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Foundation Plants - Adding Curb Appeal to Your Home


Adding curb appeal to your home's front yard not only makes it more sellable, but makes it more enjoyable driving into your driveway.

Foundation plants are shrubs, small trees, and perennials used for planting along the foundations of homes and building to soften their look, enhance curb appeal and tie it to the surrounding landscape.

Some considerations to keep in mind when choosing these shrubs are: - Style/Color - Size - Scale - Seasons

The style of your house should be one of the biggest factors in selection foundation shrubs. For example, a colonial house should have different plants compared to a house that is of southwest style or modern style. The colonial would have more traditional, tight growing greenery such as boxwood whereas the southwest style home would have spiky type plants to give a desert feeling and the modern house having open, more free growing plants.

Choose shrubs with colors that compliment the color of the house and don't blend into it. A red brick would absorb shrubs such as the Cistena Plum Shrubs with deep red leaves, yet those same plants would appear striking along side a white frame house. The gorgeous blooms of the Nikko Blue Hydrangea would be wasted planted in front of a blue vinyl sided house.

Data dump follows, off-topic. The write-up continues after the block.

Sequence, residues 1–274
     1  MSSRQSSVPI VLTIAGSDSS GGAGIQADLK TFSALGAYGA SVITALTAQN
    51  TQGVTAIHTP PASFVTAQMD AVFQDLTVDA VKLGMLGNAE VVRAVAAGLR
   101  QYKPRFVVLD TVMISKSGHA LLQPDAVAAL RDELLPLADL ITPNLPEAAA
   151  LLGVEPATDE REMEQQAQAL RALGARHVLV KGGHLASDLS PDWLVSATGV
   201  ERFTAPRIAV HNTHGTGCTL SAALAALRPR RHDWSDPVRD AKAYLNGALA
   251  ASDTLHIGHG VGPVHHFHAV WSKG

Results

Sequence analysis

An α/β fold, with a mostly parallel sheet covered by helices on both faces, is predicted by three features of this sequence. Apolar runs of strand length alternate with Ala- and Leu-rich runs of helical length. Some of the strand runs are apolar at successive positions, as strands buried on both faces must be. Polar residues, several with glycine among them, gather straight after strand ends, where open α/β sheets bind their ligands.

Typical anchoring bushes are generally smaller growing (under 6) and planted on the corners with somewhat larger growing plants. The length of the windows will usually dictate their height. If the windows on the house start at 3 feet above the ground, then select low growing shrubs that grow no taller than 3 1/2 feet. Placing taller greenery in front of windows is not good for security. Scale is a consideration most forgotten. Small houses should have smaller growing plants to keep in its scale and not overwhelm the house as these plants mature.

Large-scale houses can comfortably accommodate larger growing shrubs and trees without the house seeming to disappear. Anchor plants should offer color and texture for at least 3 seasons if not all 4. This is the reason that evergreens, both conifers and broadleaf, are often used for this purpose.

Try to plant at least 50% of the foundation plants in evergreens to keep greenery around the house year around. Planting all deciduous anchor plants creates a bare house over the winter months.

Select a few choice flowering shrubs or small trees, perennials and ornamental grasses to further extent color and texture in the other seasons. Soon, you will be adding great curb appeal to your home.

 


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